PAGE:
...

Women’s groups complained that Daschle’s requirement for creating that exception went too far. But in a memo co-written with Reed, Kagan painted the endorsement of Daschle’s language not necessarily as good policy but as the best way of heading off the chances that an even stricter anti-abortion measure would clear Congress with a veto-proof majority.

 

In another instance, a memo shows Kagan opposed efforts by labor unions and Sen. Ted Kennedy (D-Mass.) to get Clinton to insist that he would only sign a bill Republicans were advancing to ease overtime pay rules if Congress used the same measure to expand the Family and Medical Leave Act.

 

http://www.politico.com/news/stories/0510/37119.html

Edited by Pangloss
Consecutive posts merged.

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Does courtroom experience matter for judgeship?

 

If not, I gotta support a fellow New York Jew

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Does courtroom experience matter for judgeship?

 

If not, I gotta support a fellow New York Jew

 

Why would no experience as a judge be a concern regarding a candidate for the very top judge in the nation? Indeed, having a well over a year experience in arguing court cases should have prepared Ms. Kagan for any conceivable issue that might be presented before the supreme court [/sarcasm] Without question experience is important, and there are many others who are more qualified candidates.

 

That said, I do very much like her academic experience. And the President is Constitutionally permitted to appoint anyone he pleases. As per my previous post, I am optimistically looking forward to the confirmation hearings as I'd like to know more about her. With the virtual supermajority of democrats in the Senate, I'd say she is a shoo-in unless the media decides to 'bork' her (which they clearly aren't going to do).

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Is this a larger trend of Obama favoring academic experts over practical experience? Or am I making that up.

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Is this a larger trend of Obama favoring academic experts over practical experience?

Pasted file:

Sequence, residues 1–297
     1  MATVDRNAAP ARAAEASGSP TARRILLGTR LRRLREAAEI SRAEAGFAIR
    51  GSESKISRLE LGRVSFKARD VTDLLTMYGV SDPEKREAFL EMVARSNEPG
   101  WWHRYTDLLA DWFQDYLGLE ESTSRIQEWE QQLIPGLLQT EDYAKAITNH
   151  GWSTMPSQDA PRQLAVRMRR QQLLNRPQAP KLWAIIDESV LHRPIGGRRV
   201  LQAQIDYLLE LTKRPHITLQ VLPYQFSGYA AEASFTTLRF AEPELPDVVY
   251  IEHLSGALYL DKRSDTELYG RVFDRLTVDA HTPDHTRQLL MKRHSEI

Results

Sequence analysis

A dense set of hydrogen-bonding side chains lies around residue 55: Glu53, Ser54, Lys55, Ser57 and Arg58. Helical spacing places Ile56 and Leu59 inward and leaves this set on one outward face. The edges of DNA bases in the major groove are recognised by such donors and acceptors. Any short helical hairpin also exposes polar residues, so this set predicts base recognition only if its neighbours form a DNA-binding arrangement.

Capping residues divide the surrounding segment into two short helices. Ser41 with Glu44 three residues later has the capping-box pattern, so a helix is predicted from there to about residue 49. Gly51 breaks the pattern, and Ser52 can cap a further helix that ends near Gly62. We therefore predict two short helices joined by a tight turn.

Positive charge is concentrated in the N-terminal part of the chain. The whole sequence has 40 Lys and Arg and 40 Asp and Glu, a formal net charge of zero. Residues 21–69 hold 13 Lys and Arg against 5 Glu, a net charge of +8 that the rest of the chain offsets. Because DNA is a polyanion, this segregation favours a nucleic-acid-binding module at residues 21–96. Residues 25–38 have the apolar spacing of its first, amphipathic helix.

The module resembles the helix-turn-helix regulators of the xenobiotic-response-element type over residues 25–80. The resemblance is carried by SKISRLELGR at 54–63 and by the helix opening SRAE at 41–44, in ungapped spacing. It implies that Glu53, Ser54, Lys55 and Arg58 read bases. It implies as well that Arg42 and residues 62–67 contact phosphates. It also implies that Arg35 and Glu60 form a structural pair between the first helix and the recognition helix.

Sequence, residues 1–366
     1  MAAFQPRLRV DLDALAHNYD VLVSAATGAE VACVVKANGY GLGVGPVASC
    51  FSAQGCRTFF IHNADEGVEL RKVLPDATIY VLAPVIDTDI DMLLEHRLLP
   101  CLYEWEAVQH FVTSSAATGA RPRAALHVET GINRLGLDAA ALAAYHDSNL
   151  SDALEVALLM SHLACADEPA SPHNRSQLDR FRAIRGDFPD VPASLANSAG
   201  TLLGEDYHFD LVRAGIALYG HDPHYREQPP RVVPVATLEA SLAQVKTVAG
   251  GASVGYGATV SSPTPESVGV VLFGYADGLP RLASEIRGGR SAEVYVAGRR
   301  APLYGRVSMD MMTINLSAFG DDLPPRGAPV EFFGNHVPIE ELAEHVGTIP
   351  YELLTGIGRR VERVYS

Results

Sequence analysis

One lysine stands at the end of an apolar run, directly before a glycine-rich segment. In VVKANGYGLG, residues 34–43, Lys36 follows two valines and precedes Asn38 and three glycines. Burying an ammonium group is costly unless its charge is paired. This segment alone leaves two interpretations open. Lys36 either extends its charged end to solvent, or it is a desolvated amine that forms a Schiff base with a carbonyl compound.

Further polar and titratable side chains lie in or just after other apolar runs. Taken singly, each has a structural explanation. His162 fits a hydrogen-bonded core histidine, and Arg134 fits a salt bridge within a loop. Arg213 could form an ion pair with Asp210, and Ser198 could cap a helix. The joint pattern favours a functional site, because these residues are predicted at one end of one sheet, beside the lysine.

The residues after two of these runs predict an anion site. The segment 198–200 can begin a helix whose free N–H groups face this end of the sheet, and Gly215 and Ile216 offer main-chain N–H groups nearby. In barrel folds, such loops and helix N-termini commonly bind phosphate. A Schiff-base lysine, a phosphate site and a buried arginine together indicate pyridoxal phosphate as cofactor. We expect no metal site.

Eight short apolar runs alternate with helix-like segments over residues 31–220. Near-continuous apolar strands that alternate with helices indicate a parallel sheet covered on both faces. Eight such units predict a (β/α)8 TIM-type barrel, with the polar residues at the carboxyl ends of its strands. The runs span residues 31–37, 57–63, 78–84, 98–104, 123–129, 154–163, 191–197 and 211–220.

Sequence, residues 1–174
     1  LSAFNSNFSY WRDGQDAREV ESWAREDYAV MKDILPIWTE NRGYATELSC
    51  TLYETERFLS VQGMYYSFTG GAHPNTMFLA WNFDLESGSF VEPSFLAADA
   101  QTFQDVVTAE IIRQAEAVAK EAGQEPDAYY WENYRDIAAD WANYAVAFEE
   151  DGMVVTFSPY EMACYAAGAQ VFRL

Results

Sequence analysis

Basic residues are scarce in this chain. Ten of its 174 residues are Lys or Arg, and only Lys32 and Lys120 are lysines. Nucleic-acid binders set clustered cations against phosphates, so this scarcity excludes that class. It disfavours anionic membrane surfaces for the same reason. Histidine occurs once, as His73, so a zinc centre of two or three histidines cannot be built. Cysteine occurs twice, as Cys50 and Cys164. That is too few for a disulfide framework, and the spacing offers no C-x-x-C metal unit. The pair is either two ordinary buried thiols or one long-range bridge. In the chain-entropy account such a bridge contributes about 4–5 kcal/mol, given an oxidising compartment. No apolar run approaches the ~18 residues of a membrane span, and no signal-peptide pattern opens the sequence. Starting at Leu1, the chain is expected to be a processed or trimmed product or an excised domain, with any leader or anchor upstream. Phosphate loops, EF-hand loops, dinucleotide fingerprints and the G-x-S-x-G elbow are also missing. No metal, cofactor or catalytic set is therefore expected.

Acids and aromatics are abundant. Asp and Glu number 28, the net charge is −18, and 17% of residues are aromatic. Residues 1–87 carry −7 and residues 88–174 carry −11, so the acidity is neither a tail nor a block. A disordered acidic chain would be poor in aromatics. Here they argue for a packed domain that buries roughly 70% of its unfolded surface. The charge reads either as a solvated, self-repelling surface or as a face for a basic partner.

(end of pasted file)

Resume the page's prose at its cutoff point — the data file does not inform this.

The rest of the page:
I don't know what the trend may be regarding his federal judicial appointments, but of course this is only his second SCOTUS appointment and the first one was a very experienced federal appeals court judge.

 

A lot of hay has been made throughout the political theater lately about the fact that all of the SCOTUS appointments in the last 40 years or so have been judges, but that is not a constitutionally-defined prerequisite for the position. Various historians like to point out examples of justices they consider "successful" examples of non-judicial appointments, and it's something of a meme particularly for the left, which feels somewhat under assault by the judiciary at the moment following several decades of mainly-Republican appointments. The right, tending to favor "strict constructionism", seems to prefer experienced judges, whom they perceive to tend to strictly interpret the law, and will thus (presumably) serve as a stopgap to progressivism. But they're definitely not tapping into a universal truth, at least as far as the prerequisite is concerned -- the last non-judicial-background member was (if I'm not mistaken) William Rehnquist, who was rather decidedly conservative.

 

It's 98% posturing, really -- both sides like to hide their ideological preferences behind faux constitutional grounds and fictional philosophical constructions they claim to be objective. But then most of what happens with a SCOTUS nomination is posturing, not just because of the politics involved, but simply because you can't predict an appointee's behavior once they're on the bench.

 

All of which make SCOTUS nominations a major highlight of any political hobbyist's calendar. :D

Edited by Pangloss

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Elena Kagan was officially confirmed as the 112the Supreme Court Justice today by a 63-37 vote.

 

Fox News

The final tally was 63-37, with five Republicans voting with all but one Democrat, Ben Nelson of Nebraska, and the two independent senators in Kagan's favor.